Researching Traditional Ecological Knowledge
There is an emerging shift towards the perception of ecology as a dynamic and questioning discipline that pushes the boundaries of how nature conservation is conventionally thought of. Humans – with all their cultural diversity – are an integral component of eco-systems and there are strong links between the conservation of traditional cultural practises and the protection of nature. Based on the understanding that their own survival and that of future generations depends on natural resources, the Traditional Ecological Knowledge (TEK) of mobile pastoral communities holds a wisdom that has emerged from their experiences accumulated over thousands of years.
Mobile pastoralists have a rich body of knowledge related to the landscapes they live in, ecological processes, plant species and rangeland vegetation dynamics, and other wildlife populations and the changes affect them. This knowledge is an important source of information that complements conservation research & planning, moving towards a more holistic understanding of rangeland ecosystems.
In Spain, transhumance has a long history that dates back to the Neolithic period. Despite there existing numerous records regarding historical transhumance practices and communities’ TEK, several knowledge gaps remain including documentation of present-day transhumant pastoralists’ traditional knowledge, and detailed ethnographic accounts of the current reality of the practice told through the voices of transhumant herders.
In order to address these gaps we are conducting a scientific study in collaboration with Center for Collaborative Conservation. Led by María Fernández-Giménez, the research is based on participant observation of transhumant movements alongside in-depth interviews with current and former transhumant herders.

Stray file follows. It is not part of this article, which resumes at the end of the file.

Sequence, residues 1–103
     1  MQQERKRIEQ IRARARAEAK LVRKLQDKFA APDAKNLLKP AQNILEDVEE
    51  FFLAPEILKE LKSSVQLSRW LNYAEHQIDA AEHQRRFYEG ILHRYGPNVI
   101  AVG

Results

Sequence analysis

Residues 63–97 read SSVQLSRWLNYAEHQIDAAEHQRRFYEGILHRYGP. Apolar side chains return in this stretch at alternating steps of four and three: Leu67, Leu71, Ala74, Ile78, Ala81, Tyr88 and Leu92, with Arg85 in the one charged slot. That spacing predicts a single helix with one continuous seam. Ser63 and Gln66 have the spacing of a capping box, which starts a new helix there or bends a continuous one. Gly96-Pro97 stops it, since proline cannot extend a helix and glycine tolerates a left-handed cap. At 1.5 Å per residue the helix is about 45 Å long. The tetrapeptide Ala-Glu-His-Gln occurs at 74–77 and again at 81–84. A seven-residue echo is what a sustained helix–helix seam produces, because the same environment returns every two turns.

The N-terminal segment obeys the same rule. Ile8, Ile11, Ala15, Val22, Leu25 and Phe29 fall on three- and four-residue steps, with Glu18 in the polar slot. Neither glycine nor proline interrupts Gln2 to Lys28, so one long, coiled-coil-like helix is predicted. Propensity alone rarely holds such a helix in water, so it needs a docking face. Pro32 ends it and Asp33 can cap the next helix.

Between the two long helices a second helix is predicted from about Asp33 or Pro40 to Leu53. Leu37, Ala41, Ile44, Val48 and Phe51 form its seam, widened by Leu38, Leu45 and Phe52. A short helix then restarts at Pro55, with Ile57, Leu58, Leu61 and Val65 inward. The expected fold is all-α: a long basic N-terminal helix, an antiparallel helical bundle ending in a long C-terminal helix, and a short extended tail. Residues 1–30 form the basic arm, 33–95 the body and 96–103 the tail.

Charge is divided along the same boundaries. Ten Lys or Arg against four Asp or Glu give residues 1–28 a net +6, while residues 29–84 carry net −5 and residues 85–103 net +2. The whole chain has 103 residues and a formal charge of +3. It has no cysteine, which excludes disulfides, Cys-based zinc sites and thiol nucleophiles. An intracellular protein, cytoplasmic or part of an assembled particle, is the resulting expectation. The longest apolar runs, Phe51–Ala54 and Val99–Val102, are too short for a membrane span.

Dr. María E. Fernández-Giménez is Professor of Rangeland Social-Ecological Systems in the Department of Forest & Rangeland Stewardship at Colorado State University (CSU) and Research Director for the Center for Collaborative Conservation at CSU. Her research focuses on rancher and pastoralist decision-making and its ecological, social and economic outcomes; community-based management; integration of science and local/traditional knowledge; climate change adaptation; pastoral policy; and participatory, transdisciplinary research that engages resource users, managers and policy-makers as partners in the research process. Geographically, her research centers on Mongolia, the western US and Spain. She has published over 70 peer-reviewed papers, edited a book on community-based rangeland management in China and Mongolia, and received awards from the international Society for Range Management and the Government of Mongolia, among others, for her transformative transdisciplinary research with pastoralists and ranchers. In 2018-2019 María will be joining Spanish and Moroccan herders on their seasonal migrations to document their traditional knowledge in use. This research is supported by The Road Less Travelled Project and a Fulbright Global Scholar award.